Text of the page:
There are valuable lessons that can be gleaned from watching Tour events like the recent Ryder Cup, which you can use to enhance your golf game. Match play is a great format for developing your mental game because it’s essentially a series of mini-matches, one hole at a time. Unfortunately, many golfers experience unnecessary pressure during match play simply by focusing on the wrong things. To avoid succumbing to the typical distractions that can creep in and wreak havoc during match play, here are 3 rules to help you keep your head in the game –
Understand Your Competition
Your perception of your circumstances has a great impact on your performance, so it’s important to compete against the right opponent. In match and stroke play, your competition should always be (1) the course, and (2) improving on your last best performance, stroke by stroke. To focus on what another is player is or isn’t doing at any point will shift your attention and energy away from the factors necessary for success. As Jack Nicklaus instructed, you are playing your own ball, so only focus on what YOU can do.
Stick to the Task at Hand
It’s important to keep your focus on the moment. Once a shot is played, it’s over, and it’s time to focus on the next opportunity that lies before you. There’s no making up in golf, so you’ve got to learn to leave the past behind you. Choose to play within your game, attending to one shot at a time. Your goal must be to hit one great shot after another and win the hole. Then move to the next hole and repeat the process.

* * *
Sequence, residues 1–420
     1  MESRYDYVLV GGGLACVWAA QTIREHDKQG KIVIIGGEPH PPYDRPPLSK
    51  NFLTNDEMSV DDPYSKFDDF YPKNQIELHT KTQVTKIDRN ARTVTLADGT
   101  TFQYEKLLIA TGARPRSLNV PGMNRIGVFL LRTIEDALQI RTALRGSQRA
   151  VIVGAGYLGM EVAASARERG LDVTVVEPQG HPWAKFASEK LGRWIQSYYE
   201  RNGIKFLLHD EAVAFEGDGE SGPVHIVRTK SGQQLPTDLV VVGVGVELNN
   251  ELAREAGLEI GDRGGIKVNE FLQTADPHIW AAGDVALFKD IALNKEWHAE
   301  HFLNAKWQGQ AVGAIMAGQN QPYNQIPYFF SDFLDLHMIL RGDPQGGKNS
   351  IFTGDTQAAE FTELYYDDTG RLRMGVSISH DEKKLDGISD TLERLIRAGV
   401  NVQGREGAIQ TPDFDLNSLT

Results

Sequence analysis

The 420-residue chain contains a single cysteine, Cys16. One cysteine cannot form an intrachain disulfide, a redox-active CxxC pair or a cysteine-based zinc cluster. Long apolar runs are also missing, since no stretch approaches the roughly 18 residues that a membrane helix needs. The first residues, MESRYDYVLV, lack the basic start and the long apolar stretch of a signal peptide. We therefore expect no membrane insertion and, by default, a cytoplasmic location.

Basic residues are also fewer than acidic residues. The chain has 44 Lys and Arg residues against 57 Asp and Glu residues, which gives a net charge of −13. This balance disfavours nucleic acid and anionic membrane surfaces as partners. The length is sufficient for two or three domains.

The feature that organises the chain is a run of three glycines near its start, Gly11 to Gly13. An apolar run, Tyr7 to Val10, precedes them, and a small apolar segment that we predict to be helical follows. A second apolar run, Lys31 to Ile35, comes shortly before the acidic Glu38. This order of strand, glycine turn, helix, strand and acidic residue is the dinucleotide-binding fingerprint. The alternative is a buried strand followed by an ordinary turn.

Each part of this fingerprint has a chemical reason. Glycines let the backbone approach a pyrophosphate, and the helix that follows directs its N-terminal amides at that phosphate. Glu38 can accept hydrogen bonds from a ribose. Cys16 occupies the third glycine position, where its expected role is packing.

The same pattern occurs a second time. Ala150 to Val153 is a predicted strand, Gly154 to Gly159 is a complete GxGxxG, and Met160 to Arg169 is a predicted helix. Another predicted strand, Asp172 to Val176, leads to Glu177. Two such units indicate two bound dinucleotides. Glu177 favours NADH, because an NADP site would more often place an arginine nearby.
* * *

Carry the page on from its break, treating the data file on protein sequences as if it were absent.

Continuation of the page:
Never Let Them See You Sweat
Golfers often have no idea that their body language reflects exactly what they are feeling inside. If you find yourself down a hole or two, don’t give your opponent more of an advantage by letting him know you are less than thrilled with your performance. The best way to maintain a winner’s attitude is to continually identify the strengths worth repeating from every shot, even the complete miss hits. There is value in every shot, and actively extracting that value from each shot will keep your thoughts centered around your strengths, rather than choosing to get bogged down thinking about your weaknesses. Learning to apply these basic guidelines to your match play events will assist you in playing smarter, freeing your talent and increasing your enjoyment of the game.
To find out more about the mental game private sessions and golf schools I offer at Tiburon, please contact me today at 239.431.6810. I look forward to teaching you how to PLAY GREAT!